@ Your Library
Teach - Inspire - Explore
Welcome to DCDS Library Services!
Today's school libraries don't look entirely like the ones we grew up with, and our philosophy of library services has evolved as well. Our DCDS librarians collaborate with each other and with other teachers to deliver not only lessons about the traditional areas of literature and reading, but also lessons on the essential skills of information literacy, the skills needed to locate, retrieve, analyze, and use information and resources effectively in this age of information overload. Students as young as 1st grade learn about research! Read more below about how your child will explore and learn this year.
Library services may be changing, but our core values have not. We believe: that libraries (and librarians!) exist to Teach, Inspire, and Explore; that intellectual freedom is a fundamental right for all; that literacy is essential across all platforms and disciplines; that reading for personal information and enjoyment leads to lifelong learning; and that respect for intellectual and creative property is everyone's responsibility.
Whether in the physical world or the virtual, our doors are open to the entire DCDS community. In addition to the collection in the library, each librarian maintains a website on our FinalSite portal that contains links to online research databases, recommended websites, and other resources. Check it out!
@ the Upper School Library
Carol Keeler, Librarian email@example.com
Today’s libraries… they are a changing….and so is the Upper School library. Gone are the days of deep, dark stacks, micro-film and fiche, CD-Roms, card catalogs and large numbers of print magazines and newspapers. Today we offer our students, faculty and staff easy access to multiple formats of information, wireless access to the web and global connections, and yes….books. Library resources are available 24/7 from anywhere a patron can connect to the web. Our environment continues to change as well, as we encourage students to collaborate with one another on projects and in study groups. We provide spaces for individual quiet study, small group learning and large group meetings.
Students face many challenges in their use of information. Technology and the World Wide Web provide easy access to an infinite amount of information; yet finding the best information for any given task or informational need continues to be complicated. To assist students in their development of information retrieval and evaluation skills and their ethical use of all types of resources, students receive instruction in the following areas:
- Identification and utilization of a complete range of resources, both in type and global context for complete research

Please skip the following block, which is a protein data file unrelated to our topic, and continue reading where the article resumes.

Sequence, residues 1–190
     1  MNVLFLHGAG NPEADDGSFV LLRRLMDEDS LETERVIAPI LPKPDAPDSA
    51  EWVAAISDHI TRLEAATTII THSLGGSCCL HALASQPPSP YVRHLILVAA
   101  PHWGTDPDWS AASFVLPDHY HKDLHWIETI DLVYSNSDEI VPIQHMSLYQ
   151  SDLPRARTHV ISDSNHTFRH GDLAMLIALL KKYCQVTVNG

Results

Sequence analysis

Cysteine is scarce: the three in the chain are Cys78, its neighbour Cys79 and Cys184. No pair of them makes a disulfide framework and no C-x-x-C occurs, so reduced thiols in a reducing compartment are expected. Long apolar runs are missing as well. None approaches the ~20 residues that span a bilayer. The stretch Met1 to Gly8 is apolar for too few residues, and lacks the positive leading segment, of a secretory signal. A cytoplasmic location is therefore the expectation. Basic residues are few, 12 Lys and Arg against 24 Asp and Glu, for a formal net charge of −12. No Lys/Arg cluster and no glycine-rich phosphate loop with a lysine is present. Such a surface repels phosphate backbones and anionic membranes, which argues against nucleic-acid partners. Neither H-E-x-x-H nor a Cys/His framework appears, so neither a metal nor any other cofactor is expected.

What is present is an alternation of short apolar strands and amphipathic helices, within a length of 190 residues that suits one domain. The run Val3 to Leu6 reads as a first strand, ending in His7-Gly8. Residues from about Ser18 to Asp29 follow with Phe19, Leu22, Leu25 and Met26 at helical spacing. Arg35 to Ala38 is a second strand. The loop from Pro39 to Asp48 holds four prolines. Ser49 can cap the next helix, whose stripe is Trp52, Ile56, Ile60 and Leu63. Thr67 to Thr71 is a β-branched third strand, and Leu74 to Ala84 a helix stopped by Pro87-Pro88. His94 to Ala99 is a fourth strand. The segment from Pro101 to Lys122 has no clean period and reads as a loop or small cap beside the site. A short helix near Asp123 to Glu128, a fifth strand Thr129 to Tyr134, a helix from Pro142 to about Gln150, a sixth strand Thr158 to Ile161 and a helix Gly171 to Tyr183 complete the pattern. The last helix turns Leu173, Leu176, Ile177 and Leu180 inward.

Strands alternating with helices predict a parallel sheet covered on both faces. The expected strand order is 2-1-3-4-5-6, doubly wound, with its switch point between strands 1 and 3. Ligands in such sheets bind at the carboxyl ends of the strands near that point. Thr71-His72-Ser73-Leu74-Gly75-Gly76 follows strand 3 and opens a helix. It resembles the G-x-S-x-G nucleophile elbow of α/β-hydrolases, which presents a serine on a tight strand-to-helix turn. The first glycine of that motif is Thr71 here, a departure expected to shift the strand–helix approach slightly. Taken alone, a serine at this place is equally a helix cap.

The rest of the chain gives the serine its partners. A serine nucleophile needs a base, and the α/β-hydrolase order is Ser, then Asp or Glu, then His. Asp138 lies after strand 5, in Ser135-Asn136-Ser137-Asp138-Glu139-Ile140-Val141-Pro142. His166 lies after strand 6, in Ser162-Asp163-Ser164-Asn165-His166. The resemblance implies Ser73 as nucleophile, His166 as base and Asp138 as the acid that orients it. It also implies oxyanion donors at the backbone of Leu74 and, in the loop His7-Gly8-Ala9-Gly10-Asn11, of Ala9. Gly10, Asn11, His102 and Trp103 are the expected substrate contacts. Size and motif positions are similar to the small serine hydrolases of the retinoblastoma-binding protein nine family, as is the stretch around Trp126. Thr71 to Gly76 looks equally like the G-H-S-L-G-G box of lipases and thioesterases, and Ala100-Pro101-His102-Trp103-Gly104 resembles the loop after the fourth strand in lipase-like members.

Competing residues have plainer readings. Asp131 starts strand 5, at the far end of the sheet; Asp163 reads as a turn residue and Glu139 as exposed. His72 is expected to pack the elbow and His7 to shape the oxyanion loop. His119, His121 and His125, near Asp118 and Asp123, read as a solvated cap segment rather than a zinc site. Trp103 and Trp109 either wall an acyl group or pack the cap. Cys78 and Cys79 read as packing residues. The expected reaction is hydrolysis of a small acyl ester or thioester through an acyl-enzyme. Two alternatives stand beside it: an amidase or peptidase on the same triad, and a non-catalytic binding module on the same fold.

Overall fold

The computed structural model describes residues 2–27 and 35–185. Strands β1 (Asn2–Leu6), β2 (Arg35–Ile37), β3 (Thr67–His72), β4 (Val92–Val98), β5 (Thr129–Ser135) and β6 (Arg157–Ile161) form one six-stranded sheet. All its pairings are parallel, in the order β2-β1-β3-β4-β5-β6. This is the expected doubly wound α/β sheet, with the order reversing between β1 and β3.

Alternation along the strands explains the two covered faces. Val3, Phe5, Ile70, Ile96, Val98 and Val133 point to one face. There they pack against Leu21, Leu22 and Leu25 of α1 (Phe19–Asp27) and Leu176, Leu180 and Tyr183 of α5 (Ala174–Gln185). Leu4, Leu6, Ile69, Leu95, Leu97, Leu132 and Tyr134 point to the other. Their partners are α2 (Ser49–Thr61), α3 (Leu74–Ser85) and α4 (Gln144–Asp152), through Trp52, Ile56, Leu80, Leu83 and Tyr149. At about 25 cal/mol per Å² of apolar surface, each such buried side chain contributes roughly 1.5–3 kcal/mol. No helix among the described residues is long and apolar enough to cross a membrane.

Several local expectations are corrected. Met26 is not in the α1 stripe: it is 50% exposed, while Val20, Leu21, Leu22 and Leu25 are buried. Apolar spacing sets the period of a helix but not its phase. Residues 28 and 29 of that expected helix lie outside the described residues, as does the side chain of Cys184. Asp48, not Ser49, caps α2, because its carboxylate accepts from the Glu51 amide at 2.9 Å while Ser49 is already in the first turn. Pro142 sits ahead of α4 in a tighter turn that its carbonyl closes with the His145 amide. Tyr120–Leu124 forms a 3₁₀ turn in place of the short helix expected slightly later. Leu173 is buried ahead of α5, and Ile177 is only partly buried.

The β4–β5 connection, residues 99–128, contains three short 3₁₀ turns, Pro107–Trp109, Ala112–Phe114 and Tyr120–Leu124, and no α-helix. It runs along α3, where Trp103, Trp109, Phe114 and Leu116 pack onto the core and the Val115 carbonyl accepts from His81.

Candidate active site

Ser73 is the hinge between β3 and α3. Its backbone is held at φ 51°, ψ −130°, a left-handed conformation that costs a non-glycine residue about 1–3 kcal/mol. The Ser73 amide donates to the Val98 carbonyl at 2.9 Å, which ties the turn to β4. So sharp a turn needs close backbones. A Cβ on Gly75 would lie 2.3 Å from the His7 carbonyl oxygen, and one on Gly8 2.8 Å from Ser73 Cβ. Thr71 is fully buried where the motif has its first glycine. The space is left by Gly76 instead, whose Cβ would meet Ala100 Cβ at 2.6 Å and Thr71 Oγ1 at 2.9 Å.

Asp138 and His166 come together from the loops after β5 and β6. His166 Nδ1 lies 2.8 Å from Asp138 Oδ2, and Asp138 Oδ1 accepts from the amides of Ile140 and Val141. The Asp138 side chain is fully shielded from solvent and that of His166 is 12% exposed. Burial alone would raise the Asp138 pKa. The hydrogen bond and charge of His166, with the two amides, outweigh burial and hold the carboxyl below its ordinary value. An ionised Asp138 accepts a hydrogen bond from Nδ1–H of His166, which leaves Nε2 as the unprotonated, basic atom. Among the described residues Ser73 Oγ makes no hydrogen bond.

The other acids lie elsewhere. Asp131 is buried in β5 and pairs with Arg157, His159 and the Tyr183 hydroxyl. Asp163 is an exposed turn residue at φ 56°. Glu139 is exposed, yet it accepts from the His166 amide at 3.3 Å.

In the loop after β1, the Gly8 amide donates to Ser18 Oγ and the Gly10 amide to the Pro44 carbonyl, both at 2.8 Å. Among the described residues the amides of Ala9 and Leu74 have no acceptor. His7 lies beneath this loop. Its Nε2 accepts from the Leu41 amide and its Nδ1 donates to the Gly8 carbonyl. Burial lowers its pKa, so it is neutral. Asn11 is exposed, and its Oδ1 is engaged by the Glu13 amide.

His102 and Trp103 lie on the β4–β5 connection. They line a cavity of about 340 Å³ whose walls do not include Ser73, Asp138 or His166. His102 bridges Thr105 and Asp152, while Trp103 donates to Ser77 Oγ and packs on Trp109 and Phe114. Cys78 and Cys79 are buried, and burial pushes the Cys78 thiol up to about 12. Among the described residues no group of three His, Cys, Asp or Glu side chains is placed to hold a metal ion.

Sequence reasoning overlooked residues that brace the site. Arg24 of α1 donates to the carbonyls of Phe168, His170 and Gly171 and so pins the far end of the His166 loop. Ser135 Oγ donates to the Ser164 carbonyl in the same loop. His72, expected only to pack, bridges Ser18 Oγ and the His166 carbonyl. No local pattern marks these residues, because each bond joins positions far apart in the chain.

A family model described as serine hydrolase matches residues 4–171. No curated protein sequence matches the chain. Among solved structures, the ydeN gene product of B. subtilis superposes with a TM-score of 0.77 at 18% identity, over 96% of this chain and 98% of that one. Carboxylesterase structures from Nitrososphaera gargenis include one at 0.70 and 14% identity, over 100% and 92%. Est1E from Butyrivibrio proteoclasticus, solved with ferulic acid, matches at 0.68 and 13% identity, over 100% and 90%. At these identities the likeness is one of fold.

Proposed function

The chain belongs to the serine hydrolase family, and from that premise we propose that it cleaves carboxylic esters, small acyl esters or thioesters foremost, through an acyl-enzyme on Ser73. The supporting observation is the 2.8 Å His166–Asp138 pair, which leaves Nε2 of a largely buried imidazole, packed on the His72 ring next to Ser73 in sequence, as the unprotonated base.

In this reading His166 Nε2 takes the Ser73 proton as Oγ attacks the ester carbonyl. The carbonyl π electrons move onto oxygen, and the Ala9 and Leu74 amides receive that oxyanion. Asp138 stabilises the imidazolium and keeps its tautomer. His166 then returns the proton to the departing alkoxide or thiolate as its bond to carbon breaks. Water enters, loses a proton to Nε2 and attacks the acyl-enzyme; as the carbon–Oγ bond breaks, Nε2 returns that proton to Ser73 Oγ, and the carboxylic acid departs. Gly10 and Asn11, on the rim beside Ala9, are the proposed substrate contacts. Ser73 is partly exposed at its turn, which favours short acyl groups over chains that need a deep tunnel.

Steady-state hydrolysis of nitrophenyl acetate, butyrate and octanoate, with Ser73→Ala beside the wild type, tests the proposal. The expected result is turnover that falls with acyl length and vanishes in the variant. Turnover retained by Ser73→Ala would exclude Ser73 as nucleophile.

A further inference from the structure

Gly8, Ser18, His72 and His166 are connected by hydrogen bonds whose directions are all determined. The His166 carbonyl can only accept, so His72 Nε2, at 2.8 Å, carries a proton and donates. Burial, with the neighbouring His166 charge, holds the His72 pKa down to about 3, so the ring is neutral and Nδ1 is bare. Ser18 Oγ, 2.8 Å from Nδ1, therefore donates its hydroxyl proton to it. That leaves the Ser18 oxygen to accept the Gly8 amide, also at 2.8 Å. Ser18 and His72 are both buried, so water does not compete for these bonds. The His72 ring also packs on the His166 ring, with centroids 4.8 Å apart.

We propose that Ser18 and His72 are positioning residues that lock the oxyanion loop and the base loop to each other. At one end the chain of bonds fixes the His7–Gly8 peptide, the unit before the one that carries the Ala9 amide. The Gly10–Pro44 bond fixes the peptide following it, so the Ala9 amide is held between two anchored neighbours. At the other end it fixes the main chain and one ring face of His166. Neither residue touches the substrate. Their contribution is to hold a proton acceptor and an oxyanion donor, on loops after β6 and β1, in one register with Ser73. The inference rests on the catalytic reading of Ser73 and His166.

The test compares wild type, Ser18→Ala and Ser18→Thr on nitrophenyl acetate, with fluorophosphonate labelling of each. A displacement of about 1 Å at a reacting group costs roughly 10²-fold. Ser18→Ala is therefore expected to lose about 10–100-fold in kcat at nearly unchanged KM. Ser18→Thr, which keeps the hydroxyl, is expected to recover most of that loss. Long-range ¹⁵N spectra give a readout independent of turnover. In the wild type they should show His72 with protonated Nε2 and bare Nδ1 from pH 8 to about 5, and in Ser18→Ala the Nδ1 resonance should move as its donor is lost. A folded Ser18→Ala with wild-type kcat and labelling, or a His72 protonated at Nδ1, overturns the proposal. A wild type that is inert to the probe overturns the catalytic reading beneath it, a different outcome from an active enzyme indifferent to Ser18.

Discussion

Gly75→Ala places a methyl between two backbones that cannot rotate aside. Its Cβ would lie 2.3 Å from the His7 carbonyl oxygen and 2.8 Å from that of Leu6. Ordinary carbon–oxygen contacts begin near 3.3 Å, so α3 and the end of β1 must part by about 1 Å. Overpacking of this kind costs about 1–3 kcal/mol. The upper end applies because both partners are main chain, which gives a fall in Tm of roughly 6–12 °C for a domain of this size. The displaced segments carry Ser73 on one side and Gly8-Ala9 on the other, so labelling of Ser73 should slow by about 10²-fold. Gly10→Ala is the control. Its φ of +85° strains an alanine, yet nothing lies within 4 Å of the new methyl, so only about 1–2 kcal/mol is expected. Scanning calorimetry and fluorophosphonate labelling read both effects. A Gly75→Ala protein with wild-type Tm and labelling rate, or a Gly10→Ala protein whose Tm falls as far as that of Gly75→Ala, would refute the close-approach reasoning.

- Evaluation of the Authority, Accuracy, Bias, Currency and Coverage when using online sources
- Understanding why and how to acknowledge credit when using information and ideas that are not their own
- Application of “information filters” to locate the best information possible for all informational needs, both present and in the future
In addition, students are also encouraged to continue their exploration of new and favorite fiction authors. Reading may change from print to online, but engaging in reading for language development and pure relaxation is important to the life-long learner.
@ the Junior School Library
Amy Runyan, Librarian firstname.lastname@example.org
Junior School students visit the library once a week for 45 minutes. The focus of each class is to learn and develop basic library skills, research and information literacy skills, and to encourage students to become lifelong readers and users of information. Junior School students begin to gain a sense of independence in the library, and they’re encouraged to check out books that support their enjoyment and educational reading needs. Students become more adept at using the Destiny catalog and locating a book using the call number, and they learn to check out independently. Students also learn the difference between print and electronic resources and how to use them when researching information. One of the main goals of the program is to collaborate with the classroom teachers in order to support the school’s curriculum.
Students are also encouraged to visit the library as necessary during the school day, and after school on the days when the library offers extended library hours. NEW!! Starting September 17, and following the PM schedule, the library will be open from 3-4 pm. Students may come to check out a book, work on homework, study, or use the library’s print and online resources. Students must be accompanied by a parent, unless they are coming from Sundown.
The Junior School Library is supporting public libraries and Library Card Sign-up Month in September by offering students a small prize and the chance to win a class party by showing his or her own public library card to the librarian, Ms. Runyan. Public libraries have so much to offer and the Detroit Country Day Libraries are proud to support them!